I had several people this week ask me about the seagrass that washes up on the beaches here in Mahahual. This time of the year there seems to be a little more seagrass on the beaches than usual. The other day several tourists got here before the waiters and staff along the beaches raked it up, and asked me about it.
Seagrass washes up on the beaches between here and Xcalak a lot. The reason is the currents and the reef. Also Mahahual and this area are protected ecological tourism areas, and the goal is to keep the reef and the mangroves intact, and the seagrass helps protect the natural habitat.
A lot of tourists remark to me, “Well they don’t have sea grass in Florida.” I want to say to them, well Florida’s reefs are practically dead that is why, but I don’t, and I end up telling them that the seagrass is vitual for the ecosystem here so we live with it.
The beaches and the resorts in and around Mahahual have their staff rake it up in the morning, and bury it, or use it for other purposes. It can even be eaten and used for fertilizer. So most tourists never see much seagrass, unless they get here real early.
So here is some information about seagrass in the Caribbean and how it is vital to our ecosystem here.
Seagrass meadows are like underwater lawns. But more than just being nice-looking, they play important ecological and environmental roles. These carpets of green, lush leaves have a special relationship with many marine animals by providing food and shelter. The largest animals associated with seagrasses in the Caribbean are the endangered Green sea turtle and the Caribbean manatee.
The seagrasses act as a nursery for many species of reef and deep sea fish. The females come to the lagoon to lay the eggs. After hatching, the newly emerged fish live, feed and hide between the blades of grass from predators. They remain there until they are big and strong enough to leave the protected shallow lagoon and become part of life on the coral reefs.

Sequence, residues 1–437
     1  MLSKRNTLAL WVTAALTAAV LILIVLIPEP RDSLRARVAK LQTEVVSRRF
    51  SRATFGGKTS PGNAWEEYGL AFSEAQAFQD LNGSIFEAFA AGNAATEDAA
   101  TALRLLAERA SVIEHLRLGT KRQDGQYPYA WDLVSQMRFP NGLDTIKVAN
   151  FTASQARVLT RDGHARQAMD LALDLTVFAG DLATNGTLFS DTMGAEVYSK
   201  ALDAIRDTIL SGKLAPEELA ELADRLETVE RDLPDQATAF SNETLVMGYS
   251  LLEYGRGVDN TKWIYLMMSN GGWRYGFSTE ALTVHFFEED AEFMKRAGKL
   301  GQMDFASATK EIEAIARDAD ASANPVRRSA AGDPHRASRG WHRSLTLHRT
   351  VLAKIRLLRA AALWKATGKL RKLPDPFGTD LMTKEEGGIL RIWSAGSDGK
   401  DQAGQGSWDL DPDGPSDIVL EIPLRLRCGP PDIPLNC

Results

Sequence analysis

By this we see how seagrasses help to make sure there is biodiversity or a wide range of life on the reefs. This is good for local communities that make a living from fishing and for people who enjoy seeing the beauty of the reefs by either snorkelling or SCUBA diving.
Seagrasses also provide environmental services to people by helping to clean water by absorbing harmful chemicals and nutrients. Seagrasses protect the coastlines by weakening wave energy. Seagrass stabilize sediments so they also make it easy for dust bits to settle at the bottom. And last but not least, much of the seaweed you see washed up on the beach is dead seagrass that brings good nutrients to the beach and help to form dunes.
Threats to seagrasses
The most important threats to seagrasses are damages from boat anchors, pollution and dredging. Anchoring destroys the seagrass beds by uprooting them. When roots are damaged, the plants die. There are all types of pollution that can affect seagrasses, some invisible and some visible. Chemicals, sometimes invisible, can kill the plants from inside out when the plants absorb the harmful substances. But also pollution like plastic bags can also kill seagrasses.
When a plastic bag covers a grass patch, sunlight cannot reach the grass and they die. Dredging is usually done to make the water deeper for the purpose of ship traffic. Dredging makes the water very cloudy with lots of bits of soil particles. This is called particle suspension. When these bits of soil eventually fall to the bottom, a process called sedimentation, the thick blanket of sediment covers and suffocates the grasses. Both particle suspension and heavy sedimentation prevent sunlight from reaching the grasses
So as you can see, seagrass is vital to Mahahual and Costa Maya because it is good for the reef, mangroves, fauna, and wildlife. So if you see some seagrass on your vacation or stay in Mahahual from a cruise ship, remember it is vital to our life here.
Thanks for reading,
Stewart Rogers USA-South Carolina